HONG KONG/TOKYO, May 8 (Reuters) – Nickel buyers in China and Japan are scrambling to secure supplies as soaring prices and a fear of shortages boosts demand for both refined metal and long-term ore contracts.
The price of nickel ore from the Philippines has more than doubled since late February, as supplies have dried up from rival producer Indonesia, previously the world’s biggest exporter.
China, the world’s largest nickel consumer, has recently increased imports of refined metal to help meet higher seasonal demand, say trader and importers, as the price of commonly used alternative nickel pig iron has soared since the Indonesian ban took effect in mid-January.
Nickel demand may get a further boost from stockpiling by China, with refined imports due to start arriving at State Reserves Bureau warehouses before the end of June, sources with knowledge of the matter said.
“Everybody in China is bullish nickel and everybody is hoarding nickel of any kind,” commodities strategist Ivan Szpakowski of Citi in Shanghai said. China, the world’s largest steelmaker, has turned to laterite nickel ores in recent years to produce nickel pig iron, a cheap, low-grade ferro-nickel – an alloy of iron and nickel – used in stainless steel.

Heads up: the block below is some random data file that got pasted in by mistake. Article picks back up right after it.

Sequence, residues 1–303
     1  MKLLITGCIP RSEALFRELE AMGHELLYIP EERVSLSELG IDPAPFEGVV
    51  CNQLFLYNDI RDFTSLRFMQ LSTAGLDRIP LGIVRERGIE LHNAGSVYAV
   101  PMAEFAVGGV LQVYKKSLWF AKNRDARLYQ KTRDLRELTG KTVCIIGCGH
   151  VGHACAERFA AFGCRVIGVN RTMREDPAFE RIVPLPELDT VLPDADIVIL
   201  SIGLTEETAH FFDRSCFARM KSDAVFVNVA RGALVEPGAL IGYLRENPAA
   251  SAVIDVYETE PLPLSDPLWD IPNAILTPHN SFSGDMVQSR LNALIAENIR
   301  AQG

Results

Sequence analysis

Japanese stainless steelmakers rely mainly on ferro-nickel producers and scrap for content, while other steelmakers use refined nickel for speciality products.
Nickel users and traders in both countries built up substantial stockpiles of ore ahead of the Indonesian ban that should last major users until the end of the year, say traders and industry watchers, but long-term supply is an issue.
Spot Philippine ores with 1.9 percent metal content rose more than 120 percent between late February and end-April, trading at $114 per wet tonne CIF China last week, traders said.
“Spot ore prices have soared this year as we compete with Chinese makers to secure the Philippine ores,” said a senior official at Japanese ferro-nickel and stainless steel maker Nippon Yakin Kogyo Co Ltd..
The price of nickel pig iron with 10-15 percent metal content has risen about 20 percent since early March to about 1,350 yuan per 1 percent of metal.
This makes it more expensive than spot refined nickel prices NI-1-CCNMM in China, which have risen nearly 40 percent this year to about 131,750 yuan per tonne.
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